The numbers in parenthesis indicate my satisfaction rating on a 1-10 scale. My scores mean none of these platforms would receive satisfactory net promoter scores (NPS), and one would label me a detractor.

Better AI can improve technical support in SaaS 

The low quality of these interactions surprised me because all but one are well-established platforms used by tens of thousands of users. The results disappointed me, and I looked for answers on how SaaS and no-code platforms can improve their technical support.

AI in CX Benchmark Report 2024

I found one answer in the recently published AI in CX Benchmark Report 2024. Respondents in the software industry stated that 90% of their customers’ interactions with their company, products, or services surpassed their specified satisfaction goals. Software industry respondents achieved a 23% deflection rate, and the percentage of customer support requests was resolved through self-service channels such as knowledge bases, tutorials, chatbots, communities, and portals.

My experience was nowhere near these benchmarks, and the survey provides a potential clue: 81% of all survey respondents use AI in their customer support, and 21% of those who aren’t using AI reported lower deflection rates over the past year.

I leveraged AI through chatbots and knowledge bases in at least two of the SaaS/low-code technical support interactions. Both helped resolve several other questions and issues that came up in our development process.

How SaaS and Low-Code can use AI to improve technical support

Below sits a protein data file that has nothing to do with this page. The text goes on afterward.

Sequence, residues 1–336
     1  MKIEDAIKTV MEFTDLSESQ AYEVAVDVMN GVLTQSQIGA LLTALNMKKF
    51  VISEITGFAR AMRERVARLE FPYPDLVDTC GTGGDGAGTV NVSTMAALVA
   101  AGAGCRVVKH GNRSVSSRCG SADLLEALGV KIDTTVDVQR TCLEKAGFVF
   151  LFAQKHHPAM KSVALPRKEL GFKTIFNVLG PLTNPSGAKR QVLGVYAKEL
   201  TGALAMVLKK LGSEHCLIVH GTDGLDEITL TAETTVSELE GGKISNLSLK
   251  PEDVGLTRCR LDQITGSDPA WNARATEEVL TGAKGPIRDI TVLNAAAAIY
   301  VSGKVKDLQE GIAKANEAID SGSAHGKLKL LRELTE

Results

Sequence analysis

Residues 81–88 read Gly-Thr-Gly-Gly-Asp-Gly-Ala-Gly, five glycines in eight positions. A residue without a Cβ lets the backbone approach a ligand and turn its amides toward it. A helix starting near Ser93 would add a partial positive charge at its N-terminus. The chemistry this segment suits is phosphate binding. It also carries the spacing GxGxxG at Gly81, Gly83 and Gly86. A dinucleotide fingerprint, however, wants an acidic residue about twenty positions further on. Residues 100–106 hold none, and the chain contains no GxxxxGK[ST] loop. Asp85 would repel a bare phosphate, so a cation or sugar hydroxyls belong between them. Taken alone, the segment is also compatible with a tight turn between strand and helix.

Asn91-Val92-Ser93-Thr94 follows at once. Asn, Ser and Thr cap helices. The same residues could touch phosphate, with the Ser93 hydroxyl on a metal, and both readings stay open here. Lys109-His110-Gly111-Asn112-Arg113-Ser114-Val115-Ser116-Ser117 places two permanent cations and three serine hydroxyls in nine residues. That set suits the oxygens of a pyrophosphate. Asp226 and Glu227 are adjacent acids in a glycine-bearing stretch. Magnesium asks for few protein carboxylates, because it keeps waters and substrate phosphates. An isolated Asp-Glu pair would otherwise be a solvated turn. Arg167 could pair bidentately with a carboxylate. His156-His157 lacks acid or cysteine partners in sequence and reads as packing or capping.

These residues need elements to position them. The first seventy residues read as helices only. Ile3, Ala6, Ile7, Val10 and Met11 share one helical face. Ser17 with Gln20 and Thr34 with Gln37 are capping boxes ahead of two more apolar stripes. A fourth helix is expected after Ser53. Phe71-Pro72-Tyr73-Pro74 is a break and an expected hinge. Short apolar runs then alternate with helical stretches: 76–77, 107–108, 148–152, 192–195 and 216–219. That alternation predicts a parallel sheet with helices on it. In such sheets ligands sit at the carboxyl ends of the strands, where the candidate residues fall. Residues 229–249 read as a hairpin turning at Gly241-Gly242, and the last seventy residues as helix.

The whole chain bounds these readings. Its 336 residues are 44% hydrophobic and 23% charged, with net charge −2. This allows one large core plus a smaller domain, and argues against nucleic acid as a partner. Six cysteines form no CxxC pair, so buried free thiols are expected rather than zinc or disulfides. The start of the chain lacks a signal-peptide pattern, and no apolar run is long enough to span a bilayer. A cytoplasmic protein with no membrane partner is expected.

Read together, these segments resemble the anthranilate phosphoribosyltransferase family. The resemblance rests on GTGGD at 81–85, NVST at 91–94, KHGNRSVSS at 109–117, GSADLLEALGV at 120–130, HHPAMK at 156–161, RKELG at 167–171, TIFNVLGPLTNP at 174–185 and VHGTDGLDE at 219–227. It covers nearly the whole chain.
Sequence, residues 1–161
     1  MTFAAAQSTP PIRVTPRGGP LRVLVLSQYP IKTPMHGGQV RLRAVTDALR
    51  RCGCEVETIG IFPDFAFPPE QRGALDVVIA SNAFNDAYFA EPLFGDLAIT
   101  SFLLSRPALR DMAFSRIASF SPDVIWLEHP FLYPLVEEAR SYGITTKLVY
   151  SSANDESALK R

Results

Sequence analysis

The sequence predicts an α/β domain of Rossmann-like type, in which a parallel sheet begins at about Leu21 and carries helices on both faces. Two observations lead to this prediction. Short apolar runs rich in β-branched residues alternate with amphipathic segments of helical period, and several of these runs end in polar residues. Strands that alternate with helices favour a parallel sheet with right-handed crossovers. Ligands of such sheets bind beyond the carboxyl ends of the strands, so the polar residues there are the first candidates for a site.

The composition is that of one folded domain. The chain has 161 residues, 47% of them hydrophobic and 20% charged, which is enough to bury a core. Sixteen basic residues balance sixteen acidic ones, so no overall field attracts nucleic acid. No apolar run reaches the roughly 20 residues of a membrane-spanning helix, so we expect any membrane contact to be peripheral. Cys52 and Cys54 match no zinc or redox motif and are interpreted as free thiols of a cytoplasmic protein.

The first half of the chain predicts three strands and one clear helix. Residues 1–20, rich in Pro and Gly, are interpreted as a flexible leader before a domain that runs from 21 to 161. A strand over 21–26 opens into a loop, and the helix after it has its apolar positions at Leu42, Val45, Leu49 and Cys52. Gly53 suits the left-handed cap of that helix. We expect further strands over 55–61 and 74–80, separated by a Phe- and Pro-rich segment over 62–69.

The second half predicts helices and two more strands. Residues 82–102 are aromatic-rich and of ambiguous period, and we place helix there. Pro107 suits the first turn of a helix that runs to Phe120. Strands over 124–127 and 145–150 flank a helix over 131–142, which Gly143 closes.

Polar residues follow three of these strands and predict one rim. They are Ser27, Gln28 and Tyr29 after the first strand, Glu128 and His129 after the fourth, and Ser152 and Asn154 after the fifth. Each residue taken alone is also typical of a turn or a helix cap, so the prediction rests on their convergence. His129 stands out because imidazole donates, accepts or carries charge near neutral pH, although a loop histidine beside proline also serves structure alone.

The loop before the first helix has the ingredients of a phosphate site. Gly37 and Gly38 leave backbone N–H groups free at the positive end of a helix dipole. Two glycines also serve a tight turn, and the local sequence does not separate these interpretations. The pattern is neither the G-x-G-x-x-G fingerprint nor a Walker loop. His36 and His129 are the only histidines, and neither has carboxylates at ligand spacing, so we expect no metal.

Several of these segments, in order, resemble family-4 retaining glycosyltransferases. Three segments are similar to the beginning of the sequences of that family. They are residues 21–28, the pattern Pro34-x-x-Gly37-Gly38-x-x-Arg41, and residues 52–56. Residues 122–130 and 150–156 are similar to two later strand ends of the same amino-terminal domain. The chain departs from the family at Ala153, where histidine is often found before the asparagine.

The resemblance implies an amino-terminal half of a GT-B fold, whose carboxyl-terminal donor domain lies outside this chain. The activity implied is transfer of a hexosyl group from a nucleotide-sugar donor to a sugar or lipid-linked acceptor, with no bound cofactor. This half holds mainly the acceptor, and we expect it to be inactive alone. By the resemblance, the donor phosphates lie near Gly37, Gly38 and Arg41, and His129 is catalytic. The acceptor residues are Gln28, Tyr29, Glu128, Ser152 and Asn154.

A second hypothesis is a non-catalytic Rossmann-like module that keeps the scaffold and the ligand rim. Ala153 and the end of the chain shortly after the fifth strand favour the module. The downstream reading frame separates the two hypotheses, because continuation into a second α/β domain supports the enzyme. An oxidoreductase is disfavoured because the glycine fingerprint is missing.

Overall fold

Here’s my recommendation for SaaS and low-code tools to improve their technical support using AI:

  • Chatbots are generally weak solutions unless backed by an LLM, and they have quick escalations to technical support teams when automation doesn’t quickly resolve issues.
  • Ensure knowledge bases SEOs well to make finding and resolving questions easier, especially now that Google Search has embedded genAI answers.
  • Leverage personas to help provide smarter answers. Segment prospects from new and experienced customers, identify technical proficiency, and recognize when VIP buyers or social media influencers open tickets.

A SaaS and low-code platform’s technical support functions should be a point of differentiation and high customer satisfaction – not frustration.  

Isaac Sacolick
Join us for a future session of Coffee with Digital Trailblazers, where we discuss topics for aspiring transformation leaders. If you enjoy my thought leadership, please sign up for the Driving Digital Newsletter and read all about my transformation stories in Digital Trailblazer.

Coffee with Digital Trailblazers hosted by Isaac Sacolick Digital Trailblazers! Join us Fridays at 11am ET for a live audio discussion on digital transformation topics:  innovation, product management, agile, DevOps, data governance, and more!

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About Isaac Sacolick

Isaac Sacolick is President of StarCIO, a technology leadership company that guides organizations on building digital transformation core competencies. He is the author of Digital Trailblazer and the Amazon bestseller Driving Digital and speaks about agile planning, devops, data science, product management, and other digital transformation best practices. Sacolick is a recognized top social CIO, a digital transformation influencer, and has over 900 articles published at InfoWorld, CIO.com, his blog Social, Agile, and Transformation, and other sites. You can find him sharing new insights @NYIke on Twitter, his Driving Digital Standup YouTube channel, or during the Coffee with Digital Trailblazers.